Central African Republic president dissolves rebel alliance
BANGUI (Reuters) - Central African Republic's new president said on Friday he was dissolving the rebel alliance that swept him to power, a group that has since been blamed for a wave of violence.
Seleka rebels seized the capital Bangui and overthrew leader Francois Bozize in March, the latest in a series of coups in the country that remains one of the world's poorest despite its mineral resources.
The rebels have carried on looting and killing indiscriminately, witnesses have said, and French President Francois Hollande last month called for urgent U.N. action to stop the country slipping further into chaos.
Michel Djotodia, himself a former Seleka leader sworn in as the country's new president last month, released a decree over state radio on Friday dissolving the umbrella group "throughout the national territory".
It was unclear what impact the order would have on Seleka, a loose alliance made up of five organizations.
His order came the same week he dismissed the head of the armed forces after days of clashes with other fighters still loyal to Bozize that left 100 people dead.
Both the rebels and Bozize's troops carried out summary executions, torture and other human rights violations during the fighting up to the March coup, the United Nations said in a report on Thursday.
"Seleka also engaged in sexual violence and grave violations against children," the U.N. mission to the country, said in the report by the United Nations High Commissioner for Human Rights published in Geneva.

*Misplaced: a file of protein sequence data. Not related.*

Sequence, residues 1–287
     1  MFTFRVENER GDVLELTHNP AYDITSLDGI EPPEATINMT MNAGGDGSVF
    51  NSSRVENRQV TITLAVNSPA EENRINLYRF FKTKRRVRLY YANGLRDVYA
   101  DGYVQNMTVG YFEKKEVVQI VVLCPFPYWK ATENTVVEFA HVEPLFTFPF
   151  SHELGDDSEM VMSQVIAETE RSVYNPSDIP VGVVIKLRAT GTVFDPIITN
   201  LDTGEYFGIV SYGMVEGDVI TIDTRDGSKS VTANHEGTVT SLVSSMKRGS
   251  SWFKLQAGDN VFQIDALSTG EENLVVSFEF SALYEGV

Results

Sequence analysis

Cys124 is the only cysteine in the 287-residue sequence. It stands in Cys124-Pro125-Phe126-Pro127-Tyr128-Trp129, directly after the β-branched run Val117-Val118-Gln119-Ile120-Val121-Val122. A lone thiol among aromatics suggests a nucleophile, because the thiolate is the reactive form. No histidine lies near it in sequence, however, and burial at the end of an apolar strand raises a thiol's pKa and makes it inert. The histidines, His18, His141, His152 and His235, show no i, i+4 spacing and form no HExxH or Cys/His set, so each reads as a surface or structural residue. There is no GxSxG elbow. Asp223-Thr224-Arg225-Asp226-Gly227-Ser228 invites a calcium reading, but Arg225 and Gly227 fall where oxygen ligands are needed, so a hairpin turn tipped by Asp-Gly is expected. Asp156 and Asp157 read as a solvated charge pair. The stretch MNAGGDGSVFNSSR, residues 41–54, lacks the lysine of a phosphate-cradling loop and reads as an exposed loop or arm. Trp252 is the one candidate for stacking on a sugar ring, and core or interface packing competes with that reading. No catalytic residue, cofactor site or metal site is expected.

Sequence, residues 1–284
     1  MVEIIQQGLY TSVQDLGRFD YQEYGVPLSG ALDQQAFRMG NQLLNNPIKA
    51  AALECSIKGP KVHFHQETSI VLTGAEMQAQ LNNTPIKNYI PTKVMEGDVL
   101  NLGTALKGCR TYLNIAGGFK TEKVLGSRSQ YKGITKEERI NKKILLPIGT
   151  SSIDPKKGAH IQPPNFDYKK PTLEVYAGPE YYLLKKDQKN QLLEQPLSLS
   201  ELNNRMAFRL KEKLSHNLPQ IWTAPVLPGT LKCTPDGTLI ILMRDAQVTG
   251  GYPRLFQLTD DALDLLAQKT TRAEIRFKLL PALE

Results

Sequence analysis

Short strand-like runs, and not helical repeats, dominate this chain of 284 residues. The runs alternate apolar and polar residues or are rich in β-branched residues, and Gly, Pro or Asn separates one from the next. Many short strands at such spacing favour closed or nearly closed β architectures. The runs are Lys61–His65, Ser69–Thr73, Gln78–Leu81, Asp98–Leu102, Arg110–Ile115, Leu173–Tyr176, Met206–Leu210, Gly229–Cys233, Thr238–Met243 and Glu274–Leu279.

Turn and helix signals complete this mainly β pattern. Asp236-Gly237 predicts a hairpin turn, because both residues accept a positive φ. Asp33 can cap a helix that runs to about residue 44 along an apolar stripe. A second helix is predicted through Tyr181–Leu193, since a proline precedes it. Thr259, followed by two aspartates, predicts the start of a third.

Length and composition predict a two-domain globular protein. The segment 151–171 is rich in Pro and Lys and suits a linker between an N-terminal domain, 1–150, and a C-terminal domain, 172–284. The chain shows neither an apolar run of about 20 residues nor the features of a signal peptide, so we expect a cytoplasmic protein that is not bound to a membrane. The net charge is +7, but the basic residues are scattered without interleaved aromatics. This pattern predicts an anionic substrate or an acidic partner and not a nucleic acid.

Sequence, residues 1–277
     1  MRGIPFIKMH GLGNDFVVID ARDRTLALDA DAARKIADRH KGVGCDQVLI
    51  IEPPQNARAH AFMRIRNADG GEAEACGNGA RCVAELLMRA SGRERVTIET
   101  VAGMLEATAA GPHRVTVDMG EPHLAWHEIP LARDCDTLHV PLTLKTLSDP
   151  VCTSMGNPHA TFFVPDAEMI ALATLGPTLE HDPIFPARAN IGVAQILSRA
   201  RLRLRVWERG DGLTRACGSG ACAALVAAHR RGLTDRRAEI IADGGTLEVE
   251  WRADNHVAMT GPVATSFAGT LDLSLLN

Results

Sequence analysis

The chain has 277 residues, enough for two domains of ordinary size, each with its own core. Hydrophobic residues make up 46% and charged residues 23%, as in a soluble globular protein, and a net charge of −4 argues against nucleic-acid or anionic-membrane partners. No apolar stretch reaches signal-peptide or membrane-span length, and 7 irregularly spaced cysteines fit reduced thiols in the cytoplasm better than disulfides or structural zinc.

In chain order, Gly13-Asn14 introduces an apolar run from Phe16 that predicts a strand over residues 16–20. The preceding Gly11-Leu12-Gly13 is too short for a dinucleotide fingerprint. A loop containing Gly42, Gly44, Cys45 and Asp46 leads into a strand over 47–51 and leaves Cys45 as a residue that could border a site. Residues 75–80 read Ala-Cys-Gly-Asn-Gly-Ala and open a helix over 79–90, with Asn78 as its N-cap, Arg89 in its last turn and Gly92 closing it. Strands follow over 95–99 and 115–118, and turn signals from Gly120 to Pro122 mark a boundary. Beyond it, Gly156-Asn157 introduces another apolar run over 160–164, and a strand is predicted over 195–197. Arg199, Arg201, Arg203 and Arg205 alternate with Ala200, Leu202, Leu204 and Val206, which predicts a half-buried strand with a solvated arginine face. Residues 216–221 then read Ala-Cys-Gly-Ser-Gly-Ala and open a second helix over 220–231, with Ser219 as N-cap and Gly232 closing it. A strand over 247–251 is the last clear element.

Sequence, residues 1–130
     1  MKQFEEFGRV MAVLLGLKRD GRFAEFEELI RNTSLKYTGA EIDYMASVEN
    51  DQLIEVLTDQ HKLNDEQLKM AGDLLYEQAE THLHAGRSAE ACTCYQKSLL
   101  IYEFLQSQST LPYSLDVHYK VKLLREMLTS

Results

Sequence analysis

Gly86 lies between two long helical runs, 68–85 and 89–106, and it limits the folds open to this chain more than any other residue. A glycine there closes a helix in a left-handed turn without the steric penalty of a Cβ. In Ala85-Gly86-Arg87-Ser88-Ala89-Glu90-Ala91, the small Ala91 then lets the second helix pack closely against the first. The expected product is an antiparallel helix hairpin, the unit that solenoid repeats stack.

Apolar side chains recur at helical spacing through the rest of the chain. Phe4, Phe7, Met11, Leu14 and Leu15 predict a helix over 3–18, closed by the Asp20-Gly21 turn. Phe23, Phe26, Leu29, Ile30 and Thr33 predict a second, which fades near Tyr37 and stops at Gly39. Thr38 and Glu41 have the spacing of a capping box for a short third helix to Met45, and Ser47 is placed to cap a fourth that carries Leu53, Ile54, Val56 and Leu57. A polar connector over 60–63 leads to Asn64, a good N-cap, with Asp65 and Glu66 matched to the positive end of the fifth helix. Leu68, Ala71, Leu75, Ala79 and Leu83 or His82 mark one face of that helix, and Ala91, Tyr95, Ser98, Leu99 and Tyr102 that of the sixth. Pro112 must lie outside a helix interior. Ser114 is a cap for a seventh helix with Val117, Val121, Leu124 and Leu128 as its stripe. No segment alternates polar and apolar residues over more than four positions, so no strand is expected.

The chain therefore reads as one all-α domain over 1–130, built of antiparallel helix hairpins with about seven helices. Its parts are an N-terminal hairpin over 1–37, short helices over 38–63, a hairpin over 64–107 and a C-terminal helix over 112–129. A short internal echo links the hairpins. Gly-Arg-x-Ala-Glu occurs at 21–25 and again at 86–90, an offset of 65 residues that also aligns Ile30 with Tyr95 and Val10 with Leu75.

It recommended that the new transitional government take urgent measures to restore security and screen both rebel fighters and soldiers of the national army.
The report also asked U.N. rights council to appoint a special procedure on the human rights situation in the country and if possible refer potential war crimes possibly to the International Criminal Court.
A mix of local rebellions, banditry, ethnic tensions and spillover of conflicts from neighbors have long undermined efforts to stabilize the landlocked former French colony.
(Reporting by Paul-Marin Ngoupana; Writing by Bate Felix; Editing by Andrew Heavens)
- Exclusive: Secret contract tied NSA and security industry pioneer |
- U.S. aircraft hit by gunfire in South Sudan as conflict worsens
- With Fed out of the way, what's next on Wall Street?
- Analysis: Lost Brazil order raises threat to Boeing fighter jets
- Four men arrested in deadly N.J. shopping mall carjacking